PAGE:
HomeScienceBy flying over atmospheric rivers, scientists aim to improve forecasts

By flying over atmospheric rivers, scientists aim to improve forecasts

The term “atmospheric river” may sound airy and ethereal, but these massive, fast-moving, soggy storms can hit as hard as a freight train. Since December, the western US has been battered by back-to-back atmospheric rivers, the most recent flooding the state on March 15 and another forecast to hit the state next week. These powerful currents of water vapor come with strong winds, heavy rain, and thick snow, generating floods, landslides, and avalanches.

As big as they are, these storms are surprisingly hard to see coming. The one-week warning is the best forecasters can do right now.

A team of scientists is trying to change that. In the past few months alone, more than three dozen reconnaissance missions have flown into the storms. They have launched dozens of weather balloons high into the stratosphere, each with instruments to measure temperature, humidity, air pressure, and wind. And scientists have crunched through reams of data and run hundreds of computer simulations, all to forecast when the next atmospheric river will arrive and how intense it is likely to be.

The goal of this effort, the team says, is to improve predictions, give people in the path of storms more time to prepare for flooding, and ultimately find ways to manage water for the drier months of the region.

It’s a tall order, particularly during this year’s seemingly relentless barrage of storms. “We’ve been hit here: December, January, February, March,” says meteorologist Marty Ralph. “It’s been a long and active season.”

In December and January alone, nine atmospheric rivers relentlessly battered the western United States and Canada, dumping record-breaking rain and snow across the region. More than 121 billion metric tons of water fell in California alone, according to the US National Environmental Satellite Data and Information Service.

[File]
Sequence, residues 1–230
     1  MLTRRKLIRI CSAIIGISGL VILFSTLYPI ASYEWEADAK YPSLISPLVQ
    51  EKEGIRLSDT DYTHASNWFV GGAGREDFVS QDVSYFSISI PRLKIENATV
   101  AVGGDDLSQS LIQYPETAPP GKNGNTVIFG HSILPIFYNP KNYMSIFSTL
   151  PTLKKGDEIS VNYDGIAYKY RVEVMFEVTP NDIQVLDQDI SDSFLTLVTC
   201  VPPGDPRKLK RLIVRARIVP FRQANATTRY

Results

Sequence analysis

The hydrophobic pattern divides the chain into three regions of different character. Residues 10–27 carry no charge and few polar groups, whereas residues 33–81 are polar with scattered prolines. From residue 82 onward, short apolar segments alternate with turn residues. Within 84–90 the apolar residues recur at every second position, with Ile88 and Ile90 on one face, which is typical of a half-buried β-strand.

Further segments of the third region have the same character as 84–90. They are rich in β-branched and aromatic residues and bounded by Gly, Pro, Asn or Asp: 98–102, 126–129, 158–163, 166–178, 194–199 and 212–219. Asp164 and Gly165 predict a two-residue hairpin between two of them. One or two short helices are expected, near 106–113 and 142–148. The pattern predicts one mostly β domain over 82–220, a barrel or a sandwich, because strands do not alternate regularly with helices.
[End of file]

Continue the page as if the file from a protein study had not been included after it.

And this task is likely to become even more challenging, given the lingering uncertainty about how atmospheric rivers will change in intensity and frequency as the planet continues to warm.

rivers in the sky

atmospheric rivers are long narrow bands of condensed water vaportypically about 1,500 kilometers long and 500 kilometers wide (Serial number: 02/11/11). Streams form over warm ocean waters, often in the tropics, and meander through the sky, carrying vast amounts of water. An atmospheric river, on average, can carry up to 15 times the volume of water at the mouth of the Mississippi River. When these storms come ashore, they can release that water as rain or snow.

While atmospheric rivers can bring welcome water to a dry region, they are also “the leading, almost exclusive cause” of flooding on the US West Coast, Ralph says.

In 2013, he and his colleagues created the Center for Western Climate and Water Extremes, or CW3E, at the Scripps Institution of Oceanography in La Jolla, California. The group then created the first weather model designed to predict atmospheric rivers on the West Coast of the US. This year, the team also created a river atmospheric intensity scaleclassifying the events according to the size and the amount of water they carry.

To improve their landfall and intensity forecasts, the team collects data from drifting ocean buoys, weather balloons and aircraft. The group even enlisted the help of the US Air Force. hurricane hunters — most famous for flying into the eyes of tropical cyclones from June to November — for aerial reconnaissance (Serial number: 05/18/12).

The data collected by the planes fills an important information gap, says Anna Wilson. She is an atmospheric scientist at Scripps who also manages field research for CW3E. Weather balloons are the workhorses of weather forecasting, but they’re launched over land and “it’s important to see what happens before (an atmospheric river) makes landfall,” says Wilson.

Satellites can provide valuable atmospheric data over the ocean, but they generally cannot see through clouds and heavy precipitation, both characteristic features of atmospheric rivers. And atmospheric rivers hang low in the troposphere, the lowest part of Earth’s atmosphere, making it even more difficult for satellites to spy on them.